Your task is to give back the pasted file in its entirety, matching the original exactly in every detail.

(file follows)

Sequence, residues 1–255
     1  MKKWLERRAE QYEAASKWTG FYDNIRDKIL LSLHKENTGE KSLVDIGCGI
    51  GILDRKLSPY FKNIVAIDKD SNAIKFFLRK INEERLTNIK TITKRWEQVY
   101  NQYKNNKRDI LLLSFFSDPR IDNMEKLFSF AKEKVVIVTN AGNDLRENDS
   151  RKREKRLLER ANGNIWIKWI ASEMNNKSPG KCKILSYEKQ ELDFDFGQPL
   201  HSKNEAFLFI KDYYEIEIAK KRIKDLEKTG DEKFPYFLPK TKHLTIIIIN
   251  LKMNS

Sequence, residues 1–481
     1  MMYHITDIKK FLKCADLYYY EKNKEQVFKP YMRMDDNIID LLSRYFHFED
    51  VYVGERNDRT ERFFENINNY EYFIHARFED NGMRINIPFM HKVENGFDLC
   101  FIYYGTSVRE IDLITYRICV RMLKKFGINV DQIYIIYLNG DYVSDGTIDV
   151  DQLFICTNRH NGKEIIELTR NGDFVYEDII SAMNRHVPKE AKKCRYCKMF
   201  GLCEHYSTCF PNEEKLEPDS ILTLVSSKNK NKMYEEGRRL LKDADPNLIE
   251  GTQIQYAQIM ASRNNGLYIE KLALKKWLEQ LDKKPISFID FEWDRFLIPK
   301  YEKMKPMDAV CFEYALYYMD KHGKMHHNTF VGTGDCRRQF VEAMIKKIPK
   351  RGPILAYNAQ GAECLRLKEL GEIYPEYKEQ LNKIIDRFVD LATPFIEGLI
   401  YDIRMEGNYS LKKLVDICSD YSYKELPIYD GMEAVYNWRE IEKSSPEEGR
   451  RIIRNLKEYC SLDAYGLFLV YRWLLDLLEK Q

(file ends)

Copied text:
Sequence, residues 1–255
     1  MKKWLERRAE QYEAASKWTG FYDNIRDKIL LSLHKENTGE KSLVDIGCGI
    51  GILDRKLSPY FKNIVAIDKD SNAIKFFLRK INEERLTNIK TITKRWEQVY
   101  NQYKNNKRDI LLLSFFSDPR IDNMEKLFSF AKEKVVIVTN AGNDLRENDS
   151  RKREKRLLER ANGNIWIKWI ASEMNNKSPG KCKILSYEKQ ELDFDFGQPL
   201  HSKNEAFLFI KDYYEIEIAK KRIKDLEKTG DEKFPYFLPK TKHLTIIIIN
   251  LKMNS

Sequence, residues 1–481
     1  MMYHITDIKK FLKCADLYYY EKNKEQVFKP YMRMDDNIID LLSRYFHFED
    51  VYVGERNDRT ERFFENINNY EYFIHARFED NGMRINIPFM HKVENGFDLC
   101  FIYYGTSVRE IDLITYRICV RMLKKFGINV DQIYIIYLNG DYVSDGTIDV
   151  DQLFICTNRH NGKEIIELTR NGDFVYEDII SAMNRHVPKE AKKCRYCKMF
   201  GLCEHYSTCF PNEEKLEPDS ILTLVSSKNK NKMYEEGRRL LKDADPNLIE
   251  GTQIQYAQIM ASRNNGLYIE KLALKKWLEQ LDKKPISFID FEWDRFLIPK
   301  YEKMKPMDAV CFEYALYYMD KHGKMHHNTF VGTGDCRRQF VEAMIKKIPK
   351  RGPILAYNAQ GAECLRLKEL GEIYPEYKEQ LNKIIDRFVD LATPFIEGLI
   401  YDIRMEGNYS LKKLVDICSD YSYKELPIYD GMEAVYNWRE IEKSSPEEGR
   451  RIIRNLKEYC SLDAYGLFLV YRWLLDLLEK Q